The fact that Max Scherzer was still in the game in the fifth inning tonight was a minor miracle, considering he took a 100 mph liner off his left knee in the top of the fourth.
Scherzer tried to walk the pain off after he was hit by the ball off Michael Saunders’ bat, but he couldn’t do it, collapsing to the ground in obvious pain.
He shook it off, however, convinced his manager, trainers, and coaches he was good to stay in, and after finishing the fourth inning, came back out for the fifth and struck the Philadelphia Phillies’ hitters out on nine pitches. 1-2-3, 1-2-3, 1-2-3.
That’s an immaculate inning folks.
Immaculate [ih-mak-yuh-lit] adj.— Washington Nationals (@Nationals) May 15, 2017
1. Free from flaws or mistakes; perfect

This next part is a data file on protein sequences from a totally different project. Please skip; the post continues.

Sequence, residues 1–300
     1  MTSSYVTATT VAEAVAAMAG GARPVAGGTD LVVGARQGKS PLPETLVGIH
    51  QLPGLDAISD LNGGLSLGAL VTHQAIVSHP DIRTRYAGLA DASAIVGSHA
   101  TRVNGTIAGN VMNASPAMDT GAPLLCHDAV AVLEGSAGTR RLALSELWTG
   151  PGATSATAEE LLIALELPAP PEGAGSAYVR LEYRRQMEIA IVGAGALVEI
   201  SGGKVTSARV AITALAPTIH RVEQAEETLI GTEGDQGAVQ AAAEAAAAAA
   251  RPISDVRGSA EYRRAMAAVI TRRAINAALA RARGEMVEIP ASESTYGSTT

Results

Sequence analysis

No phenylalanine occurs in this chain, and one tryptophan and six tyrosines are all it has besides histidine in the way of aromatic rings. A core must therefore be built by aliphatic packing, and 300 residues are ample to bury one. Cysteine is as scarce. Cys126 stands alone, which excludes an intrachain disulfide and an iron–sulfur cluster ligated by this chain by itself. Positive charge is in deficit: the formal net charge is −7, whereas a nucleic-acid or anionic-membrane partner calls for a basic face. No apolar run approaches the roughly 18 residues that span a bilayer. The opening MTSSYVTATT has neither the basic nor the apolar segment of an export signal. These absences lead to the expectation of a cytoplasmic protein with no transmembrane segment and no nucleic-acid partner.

2. Max Scherzer pic.twitter.com/xZa1u12NOb
According to Baseball Almanac’s records, Scherzer became the 50th pitcher in National League history to throw an immaculate inning, “9 Pitches, 9 Strikes, 3 outs,”
with Rube Waddell John Clarkson the first NL pitcher to throw one for the Philadelphia Athletics back in 1902 Boston Beaneaters back in 1889, and former Nats’ closer Drew Storen the latest before tonight, when he threw one in April of this season.
Scherzer was pumped after he struck out Cesar Hernandez, Odubel Herrera and Aaron Altherr to end the frame.
According to Wikipedia, an unimpeachable source for accurate information, only four pitchers in MLB history have thrown more than one immaculate inning:
“Four players have accomplished the feat—commonly known as an immaculate inning — more than once in their career; Lefty Grove, Nolan Ryan, and Randy Johnson each did it twice, while Sandy Koufax accomplished the feat three times.”
Add an immaculate inning to the list of Scherzer’s accomplishments, along with his Cy Young awards in each league, his two no-hitters and his 20 K game.